'Radical Islamabad mosque grooming suicide bombers'
Apr 23, 2007 - 5:52:42 PM
Islamabad, April 23 - Islamic students associated with a radical mosque in the Pakistani capital Islamabad have been indoctrinated and trained to mount suicide attacks, a ruling coalition party claimed in a report released Monday.
A large arsenal of unused weapons from Kalashnikov assault rifles to rocket-propelled grenades has also been amassed at the Lal Masjid, or Red Mosque, and two affiliated madrassa religious schools, the Muttahida Qaumi Movement - said after 'unbiased research.'
'They also think that in case of their martyrdom in suicidal attacks they will be welcomed by hoors - with garlands in their hands and they will have entry into the heaven without accountability,' the party's report said.
Independent witnesses have testified to the presence of automatic weapons on the premises, while members of a terrorist group with a history of bombings have also joined the mosque's protectors, according to the report.
The MQM, which rules Pakistan's largest city of Karachi and forms the central government with the Pakistan Muslim League, this month held a rally of around 100,000 people against violent enforcement of self-defined Islamic laws by the madrassa students in Islamabad.
Tensions have risen steadily since January when authorities in the capital began to demolish mosques they said were illegally located on state land and obstructing infrastructure projects.
Hundreds of female students occupied a public library in protest while male madrassa students launched a 'morality campaign' in the city, detaining alleged prostitutes and harassing CD and DVD store owners and women drivers for obscene and 'un-Islamic' behaviour.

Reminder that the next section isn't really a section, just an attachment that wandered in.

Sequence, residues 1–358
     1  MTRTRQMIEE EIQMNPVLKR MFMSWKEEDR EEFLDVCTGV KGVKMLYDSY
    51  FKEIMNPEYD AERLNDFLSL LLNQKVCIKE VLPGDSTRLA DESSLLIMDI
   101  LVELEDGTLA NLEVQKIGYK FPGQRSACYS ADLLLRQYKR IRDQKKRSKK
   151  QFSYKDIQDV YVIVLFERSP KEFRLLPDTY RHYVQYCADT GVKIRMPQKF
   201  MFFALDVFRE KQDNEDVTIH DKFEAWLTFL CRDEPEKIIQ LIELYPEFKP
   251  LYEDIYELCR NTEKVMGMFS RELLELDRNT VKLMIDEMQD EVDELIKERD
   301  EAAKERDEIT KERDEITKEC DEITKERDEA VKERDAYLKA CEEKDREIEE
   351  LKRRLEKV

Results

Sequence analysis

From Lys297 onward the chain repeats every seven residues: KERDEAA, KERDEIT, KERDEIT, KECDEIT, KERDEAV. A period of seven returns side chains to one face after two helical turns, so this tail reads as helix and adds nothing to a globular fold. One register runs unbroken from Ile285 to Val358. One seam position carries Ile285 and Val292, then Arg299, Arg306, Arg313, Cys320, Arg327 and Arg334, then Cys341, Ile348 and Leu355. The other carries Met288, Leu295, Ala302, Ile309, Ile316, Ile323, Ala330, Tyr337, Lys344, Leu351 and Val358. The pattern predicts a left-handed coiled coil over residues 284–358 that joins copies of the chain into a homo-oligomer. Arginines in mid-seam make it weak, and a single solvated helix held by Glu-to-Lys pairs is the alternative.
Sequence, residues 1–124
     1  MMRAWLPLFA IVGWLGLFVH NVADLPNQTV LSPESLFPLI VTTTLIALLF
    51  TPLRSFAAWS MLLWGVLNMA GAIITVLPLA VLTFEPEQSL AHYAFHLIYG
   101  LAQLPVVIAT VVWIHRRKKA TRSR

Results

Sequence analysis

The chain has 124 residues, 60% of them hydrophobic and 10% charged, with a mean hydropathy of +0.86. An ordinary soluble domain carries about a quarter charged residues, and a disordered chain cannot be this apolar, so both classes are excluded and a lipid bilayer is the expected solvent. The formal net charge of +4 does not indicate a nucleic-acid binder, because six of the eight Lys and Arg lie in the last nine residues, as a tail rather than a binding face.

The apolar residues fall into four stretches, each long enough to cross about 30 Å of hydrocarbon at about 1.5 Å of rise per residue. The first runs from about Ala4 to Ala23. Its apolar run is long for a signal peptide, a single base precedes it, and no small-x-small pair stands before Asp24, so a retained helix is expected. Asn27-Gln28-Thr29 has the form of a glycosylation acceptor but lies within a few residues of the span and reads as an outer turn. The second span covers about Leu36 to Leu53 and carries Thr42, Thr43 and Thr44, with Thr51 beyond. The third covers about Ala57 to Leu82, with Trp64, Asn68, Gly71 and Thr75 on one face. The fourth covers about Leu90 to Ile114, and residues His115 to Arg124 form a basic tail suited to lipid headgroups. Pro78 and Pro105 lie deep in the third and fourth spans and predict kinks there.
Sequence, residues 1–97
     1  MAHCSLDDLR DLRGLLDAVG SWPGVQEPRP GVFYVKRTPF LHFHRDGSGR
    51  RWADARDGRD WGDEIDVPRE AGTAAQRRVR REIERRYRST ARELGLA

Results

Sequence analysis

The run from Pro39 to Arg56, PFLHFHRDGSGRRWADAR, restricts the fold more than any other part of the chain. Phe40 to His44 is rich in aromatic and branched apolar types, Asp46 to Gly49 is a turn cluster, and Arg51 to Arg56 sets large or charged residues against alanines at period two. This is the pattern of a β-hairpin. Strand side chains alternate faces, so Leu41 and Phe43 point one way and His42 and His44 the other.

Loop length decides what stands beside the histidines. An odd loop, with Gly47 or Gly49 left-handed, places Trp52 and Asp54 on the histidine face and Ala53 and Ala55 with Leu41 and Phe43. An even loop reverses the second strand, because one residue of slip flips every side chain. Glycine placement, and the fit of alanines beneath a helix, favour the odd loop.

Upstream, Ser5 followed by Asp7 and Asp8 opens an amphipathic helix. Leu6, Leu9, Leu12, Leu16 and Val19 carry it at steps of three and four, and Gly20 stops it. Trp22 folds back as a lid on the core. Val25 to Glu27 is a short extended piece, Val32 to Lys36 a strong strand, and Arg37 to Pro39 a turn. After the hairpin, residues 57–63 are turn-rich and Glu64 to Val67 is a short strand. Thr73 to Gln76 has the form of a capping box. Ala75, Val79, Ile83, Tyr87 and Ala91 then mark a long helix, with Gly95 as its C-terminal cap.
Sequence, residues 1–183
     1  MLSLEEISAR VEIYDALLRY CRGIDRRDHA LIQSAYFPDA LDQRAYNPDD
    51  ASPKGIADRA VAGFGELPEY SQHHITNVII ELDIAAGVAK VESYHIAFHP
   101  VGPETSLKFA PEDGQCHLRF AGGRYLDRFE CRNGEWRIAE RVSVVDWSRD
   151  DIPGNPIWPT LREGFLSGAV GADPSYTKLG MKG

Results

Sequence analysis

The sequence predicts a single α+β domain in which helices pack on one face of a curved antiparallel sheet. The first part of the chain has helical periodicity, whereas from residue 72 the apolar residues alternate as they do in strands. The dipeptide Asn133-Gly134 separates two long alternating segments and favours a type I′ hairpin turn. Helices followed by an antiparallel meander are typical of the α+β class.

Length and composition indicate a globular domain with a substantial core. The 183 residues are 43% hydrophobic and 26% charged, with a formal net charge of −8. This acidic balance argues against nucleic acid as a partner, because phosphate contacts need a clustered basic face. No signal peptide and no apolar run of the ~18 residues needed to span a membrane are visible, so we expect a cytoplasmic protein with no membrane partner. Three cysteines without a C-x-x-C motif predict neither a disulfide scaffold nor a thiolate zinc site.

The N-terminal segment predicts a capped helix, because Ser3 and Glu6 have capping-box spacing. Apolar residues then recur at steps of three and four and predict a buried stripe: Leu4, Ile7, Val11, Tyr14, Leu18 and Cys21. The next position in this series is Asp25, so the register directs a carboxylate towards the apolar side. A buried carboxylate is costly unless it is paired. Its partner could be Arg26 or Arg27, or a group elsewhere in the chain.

The report claimed that the hardliners claim to have 7,000 members but when their force increased to 70,000 'they will dismiss President Pervez Musharraf, occupy the rule of the country and impose their Sharia -.'
Two brothers - Abdul Aziz and Abdul Rashid Ghazi - are thought to be using the female students as human shields to evade any official attempt to end the illegal occupation of land, govern the Red Mosque and its seminaries.
If action were taken against them, the mosque administration planned to kill a few women and children and accuse the government of oppression with a view to justifying suicide attacks, the report alleged.
Musharraf said recently that he would not use force against the mosque and madrassa pupils, preferring a dialogue with the 'errant people.'
Misinterpretation of Islam by a minority that sought to forcefully impose its views on society was threatening Pakistan's stability, said the president, who promotes a policy of 'enlightened moderation' for the Muslim country.
Meanwhile, Pakistani media have reported that leaders and members of the banned Jaish-e-Mohammad jihadi organization, which is accused of mounting terrorist attacks in Jammu and Kashmir and other parts of India, arrived at the mosque to defend it against any aggression by security forces.
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